__________
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Abstraction and Judgment

In a blogpost titled “The Other Side of the Picture” about the failings of Leftist and politically correct college education, John C. Wright wrote:

”This is a mental disorder inflicted by modern education. It is a narrowing of the mind in the name of broadmindedness, and the closing of the mind in the name of openmindedness.
“It is the folly of those who are taught only enough of a subject to be told the objections and questions undermining its foundations, but not enough to do the disciplined and rigorous intellectual work, yes, the hard work, of answering those objections or sitting as a judge and making a determination of their admissibility, as debating as a juror and weighing their probity and pertinence.
” [my emphasis]

I was at the same time reflecting on an idea I noticed in Dr. Bruce G. Charlton’s Thought Prison where he qualifies Leftist and PC worldview as “abstract.” I was a bit taken aback by the term, as I find nothing wrong with abstraction in itself, but then I recalled, from Maritain’s works, that abstraction is only the first of the two necessary operations of the intellect.

Knowledge – and determination of an act as good or not when speaking of the practical intellect – is achieved only when ideas formed through abstraction of universal essences are processed in the second operation of the mind, namely judgment, where they are checked against reality. To be proven true, an idea must terminate at the thing itself, actual or possible; judgment must assert what the thing is in extramental reality.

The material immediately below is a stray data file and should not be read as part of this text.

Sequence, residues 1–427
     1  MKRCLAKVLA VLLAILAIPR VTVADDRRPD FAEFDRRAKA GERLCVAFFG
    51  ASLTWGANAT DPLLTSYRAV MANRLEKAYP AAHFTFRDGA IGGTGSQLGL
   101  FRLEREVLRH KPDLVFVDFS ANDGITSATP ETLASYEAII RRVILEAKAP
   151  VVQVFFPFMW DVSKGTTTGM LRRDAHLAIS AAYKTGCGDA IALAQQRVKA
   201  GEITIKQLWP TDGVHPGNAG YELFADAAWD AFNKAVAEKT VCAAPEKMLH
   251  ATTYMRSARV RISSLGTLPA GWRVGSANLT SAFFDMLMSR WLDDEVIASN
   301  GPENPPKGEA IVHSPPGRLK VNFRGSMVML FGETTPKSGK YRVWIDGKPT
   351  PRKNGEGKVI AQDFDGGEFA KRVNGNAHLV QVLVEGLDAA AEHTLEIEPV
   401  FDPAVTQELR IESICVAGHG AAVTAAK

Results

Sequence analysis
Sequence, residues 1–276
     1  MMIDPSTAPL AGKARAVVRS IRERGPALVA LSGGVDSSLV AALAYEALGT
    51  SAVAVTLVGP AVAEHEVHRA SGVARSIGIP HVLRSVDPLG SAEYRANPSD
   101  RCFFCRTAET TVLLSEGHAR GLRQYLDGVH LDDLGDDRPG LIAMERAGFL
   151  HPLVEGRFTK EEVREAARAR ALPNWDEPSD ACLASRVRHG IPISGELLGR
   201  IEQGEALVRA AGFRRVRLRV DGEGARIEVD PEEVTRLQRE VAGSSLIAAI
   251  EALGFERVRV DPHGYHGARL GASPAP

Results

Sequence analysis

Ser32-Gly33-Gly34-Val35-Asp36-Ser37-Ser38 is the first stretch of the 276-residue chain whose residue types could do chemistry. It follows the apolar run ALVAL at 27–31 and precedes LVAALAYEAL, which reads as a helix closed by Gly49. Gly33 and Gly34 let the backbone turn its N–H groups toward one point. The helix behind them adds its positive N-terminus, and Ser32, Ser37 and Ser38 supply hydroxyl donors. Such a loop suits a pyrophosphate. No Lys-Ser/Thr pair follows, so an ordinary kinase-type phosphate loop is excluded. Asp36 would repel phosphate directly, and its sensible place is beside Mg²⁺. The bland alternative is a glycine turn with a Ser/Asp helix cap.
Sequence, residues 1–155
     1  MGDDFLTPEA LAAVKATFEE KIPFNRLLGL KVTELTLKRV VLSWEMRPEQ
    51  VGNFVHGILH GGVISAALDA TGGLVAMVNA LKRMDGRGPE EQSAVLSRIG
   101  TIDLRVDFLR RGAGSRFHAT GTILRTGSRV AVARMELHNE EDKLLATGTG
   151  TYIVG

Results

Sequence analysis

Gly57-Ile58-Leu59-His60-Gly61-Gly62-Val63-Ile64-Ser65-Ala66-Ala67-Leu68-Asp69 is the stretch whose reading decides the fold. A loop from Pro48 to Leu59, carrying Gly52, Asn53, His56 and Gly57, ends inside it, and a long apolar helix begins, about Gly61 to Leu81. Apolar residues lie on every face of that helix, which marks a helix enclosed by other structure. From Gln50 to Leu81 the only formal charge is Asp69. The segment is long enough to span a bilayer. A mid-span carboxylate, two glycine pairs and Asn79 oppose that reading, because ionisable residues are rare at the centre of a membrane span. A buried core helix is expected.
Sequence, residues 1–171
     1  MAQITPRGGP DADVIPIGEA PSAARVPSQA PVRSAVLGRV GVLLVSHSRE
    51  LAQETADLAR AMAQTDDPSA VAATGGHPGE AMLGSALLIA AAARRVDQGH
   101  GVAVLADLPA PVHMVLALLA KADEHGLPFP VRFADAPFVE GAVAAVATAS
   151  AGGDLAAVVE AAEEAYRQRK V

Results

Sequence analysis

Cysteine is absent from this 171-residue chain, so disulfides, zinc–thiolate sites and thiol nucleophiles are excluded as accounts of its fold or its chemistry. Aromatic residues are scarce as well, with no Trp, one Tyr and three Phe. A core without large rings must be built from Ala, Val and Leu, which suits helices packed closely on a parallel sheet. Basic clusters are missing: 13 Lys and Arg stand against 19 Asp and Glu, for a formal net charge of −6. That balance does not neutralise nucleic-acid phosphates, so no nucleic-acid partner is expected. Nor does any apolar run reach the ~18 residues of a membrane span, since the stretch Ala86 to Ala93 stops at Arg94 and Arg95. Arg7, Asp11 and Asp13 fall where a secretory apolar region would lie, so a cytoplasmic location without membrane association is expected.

It is then no wonder that Leftists and nihilists are always accusing others of being “judgmental.”
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MYSTERY OF BEING
Summary of Preface to Metaphysics

The following summary of Jacques Maritain’s Preface to Metaphysics – Seven Lectures on Being, with some quotes from a couple other books, is not a scholarly work, so there will be no quotation marks or italics apart from those already in the text. Passages between brackets are my comments or paraphrases.


Being As Such
The object of metaphysics is the knowledge of being as such. Being is the first object attained by every man the instant he begins to think as a rational creature, but at this stage it is a more or less confused perception of the concrete being, enveloped or embodied in sensible things. The metaphysician will consider the essence, or nature, of sensible things by abstracting, or disengaging their intelligible values from particularized objects.

Essence/Existence
The first operation of the mind is thus to apprehend essences (what is universal, what is the nature of the thing), but the term of knowledge is the actual, existing being, the esse in the strict sense. Thomist philosophy does not stop short at essences. It is to existence itself that the intellect proceeds when it formulates within itself a judgment by composition and division (second operation of the mind) corresponding to what a thing is or is not outside the mind.
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Emotion over Truth

John C. Wright wrote the following in his essay Parable of the arbiters (July 13, 2012 scifiwright.com):
“The claim of the Protestant type would take us to the arbitration of the intellect. Oddly enough, Reformers are sometimes criticized (at least in Catholic circles) for their emphasis (we call it overemphasis) on the spontaneous and emotional and passionate nature of their communion with God.